In this work, a system is presented combining the on-line monitoring system BioLector [23, 24] with a customized temperature control unit for 96 well MTPs, thereby, allowing high-throughput temperature optimization for microbial and enzymatic reaction systems in a micro-scale of 200 μL. On the one hand, the BioLector system allows quasi-continuous measurement of optical signals over time representative for microbial growth and product formation or enzymatic activity. On the other hand, the tempering system, consisting of a special thermostating block connected to two thermostats, creates specific temperature profiles over a MTP. For the single well temperature measurement fluorescence thermometry was used. Combining the fluorescent dyes Rhodamin B (RhB) and Rhodamin 110 (Rh110) a reliable assay was established for application with the BioLector technique [21]. After defining several profiles at different temperature levels, the device was used to characterize microbial and enzymatic systems. The whole temperature profiles and optima for the bacterium Escherichia coli and the yeast Kluyveromyces lactis regarding growth and recombinant protein production were determined in single shot experiments. Additionally, the commercial cellulase mixture Celluclast as a representative for enzymes was investigated applying a fluorescent activity assay. The results of this temperature high-throughput screening could be used for a mathematical description of the particular temperature dependent behavior of the investigated biological system as an extended Arrhenius model for catalyst activation and deactivation [25].

Material and methods

Temperature control unit

The design of the heating block is based on the work of Rachinskiy et al. [4, 9]. It is made of aluminium with tube adapters for the two water circulation systems (Figure 1C). The circulation system for cooling was operated with the FL300 recirculation cooler (Julabo, Seelbach, Germany) allowing temperature set points from −20°C to 40°C. The flow rate was determined to 2.1 L min−1. The heating water circulation worked with the Ecoline E300 thermostat (Lauda, Lauda-Königshofen, Germany) for temperature set points of 25-100°C. A flow rate of 1.1 L min−1 was measured. Both circulation systems were operated with tap water. Temperature set points below 5°C and above 95°C were avoided to prevent the water from freezing or boiling.
Figure 1

Scheme of the temperature control unit for temperature profiling in microtiter plates (MTP). (A) Side view on the MTP and top view with schematic illustration of thermostating water flows (arrows) and resulting temperature profile. (B) Side and top view on the perspex frame for aeration (C) Side view on the thermostating block and bottom view with schematic illustration of the heating (red) and cooling (blue) water circulation and their two respective thermostats. Tset,high and Tset,low stand for thermostat set point temperatures for heating and cooling water, respectively. (D) Cut A-A-view (see Figure 1A) on the microtiter plate with attached thermostating block and optical measurement.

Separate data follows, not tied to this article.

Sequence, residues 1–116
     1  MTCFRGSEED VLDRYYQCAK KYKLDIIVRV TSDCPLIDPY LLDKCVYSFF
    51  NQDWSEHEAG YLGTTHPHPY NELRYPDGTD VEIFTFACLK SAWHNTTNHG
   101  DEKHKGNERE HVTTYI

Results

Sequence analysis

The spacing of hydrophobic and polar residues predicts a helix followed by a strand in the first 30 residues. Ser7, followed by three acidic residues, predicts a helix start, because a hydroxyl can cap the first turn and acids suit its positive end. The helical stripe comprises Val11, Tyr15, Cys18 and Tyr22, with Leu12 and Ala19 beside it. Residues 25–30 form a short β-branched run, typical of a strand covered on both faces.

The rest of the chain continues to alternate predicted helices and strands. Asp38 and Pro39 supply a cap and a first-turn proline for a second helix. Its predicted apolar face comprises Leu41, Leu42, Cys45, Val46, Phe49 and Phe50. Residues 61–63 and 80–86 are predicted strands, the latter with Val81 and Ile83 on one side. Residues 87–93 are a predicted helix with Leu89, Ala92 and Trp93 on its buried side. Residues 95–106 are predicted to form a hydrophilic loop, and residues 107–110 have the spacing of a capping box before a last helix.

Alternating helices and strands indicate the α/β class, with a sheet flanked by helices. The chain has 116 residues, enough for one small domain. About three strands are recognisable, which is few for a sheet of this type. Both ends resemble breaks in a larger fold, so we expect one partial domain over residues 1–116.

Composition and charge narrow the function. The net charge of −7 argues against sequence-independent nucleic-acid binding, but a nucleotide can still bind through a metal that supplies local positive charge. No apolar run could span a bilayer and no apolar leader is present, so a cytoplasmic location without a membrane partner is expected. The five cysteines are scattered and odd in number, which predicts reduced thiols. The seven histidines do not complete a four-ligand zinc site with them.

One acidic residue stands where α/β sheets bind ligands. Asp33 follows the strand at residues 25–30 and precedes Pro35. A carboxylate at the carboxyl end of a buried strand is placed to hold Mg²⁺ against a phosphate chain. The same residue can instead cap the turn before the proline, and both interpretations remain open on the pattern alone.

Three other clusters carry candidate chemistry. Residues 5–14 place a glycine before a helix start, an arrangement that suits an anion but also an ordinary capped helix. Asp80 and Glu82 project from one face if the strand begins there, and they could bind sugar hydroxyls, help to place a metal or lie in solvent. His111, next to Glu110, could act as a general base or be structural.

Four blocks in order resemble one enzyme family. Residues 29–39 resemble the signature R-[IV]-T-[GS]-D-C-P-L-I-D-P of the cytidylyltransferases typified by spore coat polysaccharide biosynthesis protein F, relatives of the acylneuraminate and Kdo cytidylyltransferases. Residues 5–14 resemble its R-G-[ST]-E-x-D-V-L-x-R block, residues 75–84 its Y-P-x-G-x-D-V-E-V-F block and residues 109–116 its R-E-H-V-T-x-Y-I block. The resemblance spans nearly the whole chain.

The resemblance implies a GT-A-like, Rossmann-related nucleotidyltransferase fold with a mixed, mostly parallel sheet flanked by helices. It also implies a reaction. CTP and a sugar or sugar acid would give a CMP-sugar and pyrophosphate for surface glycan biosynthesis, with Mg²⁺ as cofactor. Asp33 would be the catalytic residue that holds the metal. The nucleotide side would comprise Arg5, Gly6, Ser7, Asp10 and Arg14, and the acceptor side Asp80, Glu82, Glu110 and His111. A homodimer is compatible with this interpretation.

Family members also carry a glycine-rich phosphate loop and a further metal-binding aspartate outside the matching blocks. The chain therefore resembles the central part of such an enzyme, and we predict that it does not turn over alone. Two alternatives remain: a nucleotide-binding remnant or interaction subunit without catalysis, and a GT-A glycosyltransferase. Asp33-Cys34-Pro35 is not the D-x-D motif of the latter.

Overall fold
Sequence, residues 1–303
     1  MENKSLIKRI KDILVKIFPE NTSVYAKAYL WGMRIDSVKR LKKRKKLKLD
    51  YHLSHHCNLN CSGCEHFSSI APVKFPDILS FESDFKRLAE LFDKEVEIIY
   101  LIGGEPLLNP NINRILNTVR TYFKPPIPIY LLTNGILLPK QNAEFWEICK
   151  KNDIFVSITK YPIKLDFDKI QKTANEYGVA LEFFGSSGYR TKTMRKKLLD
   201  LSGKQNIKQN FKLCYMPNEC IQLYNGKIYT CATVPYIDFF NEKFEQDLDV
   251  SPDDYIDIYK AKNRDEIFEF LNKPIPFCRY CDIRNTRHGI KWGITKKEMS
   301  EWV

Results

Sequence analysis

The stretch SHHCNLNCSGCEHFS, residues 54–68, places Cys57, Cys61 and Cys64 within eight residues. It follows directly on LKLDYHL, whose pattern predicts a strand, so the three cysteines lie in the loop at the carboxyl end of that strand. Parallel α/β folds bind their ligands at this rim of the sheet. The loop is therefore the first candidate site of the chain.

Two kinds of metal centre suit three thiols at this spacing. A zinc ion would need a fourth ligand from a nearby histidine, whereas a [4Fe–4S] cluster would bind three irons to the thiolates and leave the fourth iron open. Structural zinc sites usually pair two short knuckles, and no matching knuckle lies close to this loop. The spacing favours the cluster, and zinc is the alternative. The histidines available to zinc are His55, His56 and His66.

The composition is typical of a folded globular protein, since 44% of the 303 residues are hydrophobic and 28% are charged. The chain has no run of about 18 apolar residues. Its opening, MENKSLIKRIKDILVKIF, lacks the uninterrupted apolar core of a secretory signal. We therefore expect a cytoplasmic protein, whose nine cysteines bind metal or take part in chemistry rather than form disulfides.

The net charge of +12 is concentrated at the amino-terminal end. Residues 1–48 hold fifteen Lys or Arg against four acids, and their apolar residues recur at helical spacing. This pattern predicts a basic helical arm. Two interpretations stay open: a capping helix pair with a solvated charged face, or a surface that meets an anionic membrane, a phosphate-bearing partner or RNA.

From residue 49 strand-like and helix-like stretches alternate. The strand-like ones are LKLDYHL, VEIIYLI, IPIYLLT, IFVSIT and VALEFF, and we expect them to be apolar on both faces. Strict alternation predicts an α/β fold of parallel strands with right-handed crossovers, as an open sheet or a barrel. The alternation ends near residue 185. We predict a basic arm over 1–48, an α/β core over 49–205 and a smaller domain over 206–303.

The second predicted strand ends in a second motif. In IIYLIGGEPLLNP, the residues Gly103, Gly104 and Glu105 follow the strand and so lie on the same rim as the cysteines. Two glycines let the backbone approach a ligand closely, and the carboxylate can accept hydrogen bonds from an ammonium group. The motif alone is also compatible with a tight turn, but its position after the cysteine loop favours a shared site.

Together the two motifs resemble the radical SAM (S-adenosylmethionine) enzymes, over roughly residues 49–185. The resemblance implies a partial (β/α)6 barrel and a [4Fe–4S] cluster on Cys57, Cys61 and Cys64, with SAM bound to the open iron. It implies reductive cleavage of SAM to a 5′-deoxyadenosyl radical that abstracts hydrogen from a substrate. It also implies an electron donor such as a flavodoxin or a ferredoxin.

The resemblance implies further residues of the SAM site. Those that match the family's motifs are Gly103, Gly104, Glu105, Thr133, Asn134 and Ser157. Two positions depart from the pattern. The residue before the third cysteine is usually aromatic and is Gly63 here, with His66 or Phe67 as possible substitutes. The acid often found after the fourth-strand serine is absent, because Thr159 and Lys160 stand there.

On-line monitoring system

The optical measurement technique is identical to that described in the work of Samorski et al. [24]. The in-house constructed device is henceforth referred as BioLector. Wavelengths and gain factors for all optical signals are specified in Table 1. For all experiments 96well lumox multiwell plates (Greiner Bio-One GmbH, Frickenhausen, Germany) were used.
Table 1

Optical signals and applied setup for on-line monitoring

Optical signal

λex[nm]

λem[nm]

Gain

Rhodamin B fluorescence

485

589

20

Rhodamin 110 fluorescence

485

520

2

Biomass (scattered light)

620

-

20

FbFP fluorescence

460

490

45

GFP fluorescence

485

510

30

4-methylumbellyferone fluorescence

365

455

25

Temperature determination

For the temperature measurement via fluorescent dyes a mixture of Rhodamin B (RhB) and Rhodamin 110 (Rh110) was used. Before each experiment a fresh measuring solution was prepared from 100-fold concentrated stock solutions of RhB and Rh110, respectively. For these stock solutions dye powder was dissolved in pure methanol yielding a concentration of 1 g L−1 and stored at 4°C. For the measuring solution the two stock solutions were mixed with water and diluted to a final concentration of 10 mg L−1, respectively. 200 μL of the prepared solution were filled into each well of the MTP and shaken at a frequency of 995 rpm at a shaking diameter of 3 mm.

For temperature reference a special in-house constructed PT100 temperature sensor was placed in the arbitrary chosen well A2 of the microtiter plate. The sensor was connected to the serial port of the LAUDA thermostat for data output. Before use the sensor was calibrated with a gauged thermometer.